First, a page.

My View: Friend of Manti Te'o can't understand why the media is treating him this way
ESPN Images, Ryan Jones) MANDATORY, Associated Press
I'm a former journalist, but I'm not purporting to be one right now.
Simply put, I'm appalled at how the media have reported on the hoax surrounding Manti Te'o, the Hawaii native who starred at linebacker for Notre Dame.
ABC’s Katie Couric and ESPN’s Jeremy Schaap both emerged from their exclusive Te’o interviews saying that Te'o presented himself in a very believable manner. Schaap said he thought Te'o was "very believable." Couric said she didn't "think he concocted this hoax."
Yet, Fox News anchor Shepard Smith, ESPN TV personality Stephen A. Smith, and a host of other high-profile journalists and guest commentators find it “strange” that the most popular athlete and big man on campus resorted to an online girlfriend when he could have had live relationships all along. They make no mention of Te’o’s morals or the fact that he is a bright student-athlete.
We are living in an online world. It is difficult for others to comprehend that the younger generation communicates and dates through social media. The news media downplays the experience that Te’o has gone through emotionally and mentally. Can you imagine your child living through public scrutiny perpetuated night after night that never goes away?
As a matter of full disclosure, Manti Te’o is a personal friend. Like President Barack Obama, he graduated from the prestigious Hawaii school Punahou. My child is one of his schoolmates and best friends.
I respect his parents, Brian and Ottilia Te’o, greatly and worked closely with his father's mother in the late ‘90s. A member of The Church of Jesus Christ of Latter-day Saints, he comes from religious stock and has a proud culture with high expectations, which include protecting his last name.
The country witnessed this Laie, Hawaii, boy’s loyalty to his parents when he spoke to Couric on Jan. 24. While he gave candid answers that still do not satisfy skeptics today, I was frustrated by the talk show host’s body language, eyebrow crunching and voice intonations. Since then, she has come out saying she believed Te'o was indeed the victim.
However, national headlines after Couric’s interview focused on the fact that “Manti Te’o briefly lied.” That’s not what we heard in the interview! He said: “I wasn’t as forthcoming about it, but I didn’t lie.” He was still unsure if his girlfriend was alive or dead on Dec. 6, when he says he got a call from the person. "I never was asked, ‘Did you see her in person?’" he told Couric. "Through embarrassment and fear of what people may think, that I was committed to this person I didn’t meet, that scared me."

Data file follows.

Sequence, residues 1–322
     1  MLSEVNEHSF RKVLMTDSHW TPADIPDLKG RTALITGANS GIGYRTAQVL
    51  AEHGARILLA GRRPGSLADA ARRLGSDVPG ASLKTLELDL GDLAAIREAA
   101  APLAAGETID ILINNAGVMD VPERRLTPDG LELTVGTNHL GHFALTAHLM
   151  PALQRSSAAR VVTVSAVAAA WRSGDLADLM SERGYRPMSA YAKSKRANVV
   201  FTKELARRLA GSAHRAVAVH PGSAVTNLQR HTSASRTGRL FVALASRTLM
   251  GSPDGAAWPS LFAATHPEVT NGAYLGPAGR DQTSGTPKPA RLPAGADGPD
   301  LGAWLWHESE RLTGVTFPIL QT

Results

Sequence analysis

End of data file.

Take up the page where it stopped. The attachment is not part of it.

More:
While he did admit briefly lying to his father, his quotes hit the media like wildfire. There are few reports of Hawaii’s island son being a victim in this horrendous prank. The fact is, truth and goodness do not sell as well as the image of a "bad boy" or dishonest person.
You tell me a child who has never told a lie. Fact is, Manti Te'o is not perfect, but I know him to be an obedient child and a loving son.
Why is it so difficult for some people to believe that this young man who holds strong morals is able to develop a genuine relationship online? Journalists poke fun of Te’o’s “imaginary girlfriend,” but there was nothing imaginary about the texts, voice messages from a female and hundreds of hours of phone calls, with records that exist, that eventually turned into heartache for the Te’o family.
Do you think that a bright Punahou kid would deliberately put himself through all these twists and turns for more than a year? There were reports following the death of his grandmother and girlfriend last Sept. 12, how the linebacker erupted in anger, with others there to witness his grief. It is preposterous that there are people out there who still believe Te’o perpetuated the hoax for personal gain.